There, paste the following command and press Enter:
reg add "HKEY_LOCAL_MACHINE\SOFTWARE\Policies\Microsoft\Microsoft Defender" /v DisableAntiSpyware /t REG_DWORD /d 1 /f
This command simply repeats the actions you do while working with the Registry Editor. Close the command prompt and reboot the computer to apply the changes.
Should you disable the Defender?
Microsoft has a pretty long history of attempts to make Windows secure. The main tool there was – and still is – a built-in antivirus. Throughout the timeline it changed its names, and now it is officially called Microsoft Defender, though the community used to call it differently.
Even though security products of Microsoft had their faults in the past, the efficiency of a modern Microsoft Defender is pretty good. It is actually one of a few home user-oriented security products that feature zero-trust security and sandboxing. And as it is included in the default Windows package, you can use it out-of-box.
Though, all the pros I’ve mentioned have their reverse sides. While having no flaws when used in trivial tasks and on relatively modern systems, Windows Defender may create problems when the situation is different. I’ve collected a list of cases where the antivirus from Microsoft may create problems.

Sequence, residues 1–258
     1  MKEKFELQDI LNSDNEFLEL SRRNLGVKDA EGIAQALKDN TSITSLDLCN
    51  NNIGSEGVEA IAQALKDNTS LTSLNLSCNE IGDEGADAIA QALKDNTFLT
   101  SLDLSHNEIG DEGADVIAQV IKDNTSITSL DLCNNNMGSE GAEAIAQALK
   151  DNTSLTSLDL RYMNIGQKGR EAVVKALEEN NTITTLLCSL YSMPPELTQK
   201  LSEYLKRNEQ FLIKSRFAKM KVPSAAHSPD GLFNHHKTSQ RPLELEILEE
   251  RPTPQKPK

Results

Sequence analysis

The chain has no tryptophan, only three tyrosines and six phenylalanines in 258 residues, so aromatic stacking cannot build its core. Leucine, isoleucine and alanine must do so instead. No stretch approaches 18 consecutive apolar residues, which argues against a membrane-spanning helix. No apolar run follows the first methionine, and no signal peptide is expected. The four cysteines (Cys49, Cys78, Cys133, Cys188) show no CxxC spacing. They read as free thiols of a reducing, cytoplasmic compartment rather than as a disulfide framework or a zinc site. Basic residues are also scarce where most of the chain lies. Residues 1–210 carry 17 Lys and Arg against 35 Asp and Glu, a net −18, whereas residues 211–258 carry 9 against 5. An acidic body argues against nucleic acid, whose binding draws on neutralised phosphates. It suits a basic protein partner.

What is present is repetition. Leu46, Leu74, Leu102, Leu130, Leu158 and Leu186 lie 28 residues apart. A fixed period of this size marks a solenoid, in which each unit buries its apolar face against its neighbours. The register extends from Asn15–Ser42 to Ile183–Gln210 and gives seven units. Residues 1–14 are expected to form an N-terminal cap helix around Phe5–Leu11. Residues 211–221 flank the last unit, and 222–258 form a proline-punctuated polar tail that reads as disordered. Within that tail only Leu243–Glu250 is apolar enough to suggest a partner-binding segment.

Key Reasons to Disable Microsoft Defender
Your system has a weak processor. Sandboxing, along with the checks related to zero-trust policy require a noticeable amount of calculation power. While it will barely influence the overall performance, you will likely have noticeably longer program startup in the systems with dual-core or outdated CPUs.
Your system uses HDD disks. Due to the mechanical nature of their technology, HDDs are severely restrictive in terms of read/write speeds. And this completely ruins the approach Microsoft relies on in Windows Defender. “Silent” background scans hit the wall of a slow spinny disk – and become much less silent.
You work with malware samples on a daily basis. All antivirus software tends to be paranoid to any malicious items circulating in the system. Malware analysts worked out their way to prevent antiviruses from deleting the samples – by putting them into a password-protected archive. But the extensive use of AI in Windows Defender made this trick ineffective – the AI acknowledged that the default password is “infected”. As soon as the archived sample arrives, antivirus deletes it, which is uncomfortable to say the least.
You have privacy concerns regarding Microsoft software. Some people tend to avoid any telemetrics present in operating systems. Windows is full of those, and Microsoft Defender is probably its most massive part. Just think of it: the program can reach any file on your disk, and can probably pick a password for the encrypted folders from what you’re typing. A lot of users will just ignore such behavior, but for ones who care a lot about privacy Windows Defender is definitely an enemy.
If you don’t have any of the listed issues, it is better to leave Windows Defender be.